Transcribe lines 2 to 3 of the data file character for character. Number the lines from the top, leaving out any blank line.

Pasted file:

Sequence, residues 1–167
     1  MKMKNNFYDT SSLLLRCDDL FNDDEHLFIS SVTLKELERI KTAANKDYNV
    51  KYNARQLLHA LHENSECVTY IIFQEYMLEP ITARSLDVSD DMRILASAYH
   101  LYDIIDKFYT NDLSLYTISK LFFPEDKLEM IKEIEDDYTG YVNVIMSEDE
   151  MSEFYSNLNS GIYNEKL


     1  MKMKNNFYDT SSLLLRCDDL FNDDEHLFIS SVTLKELERI KTAANKDYNV
    51  KYNARQLLHA LHENSECVTY IIFQEYMLEP ITARSLDVSD DMRILASAYH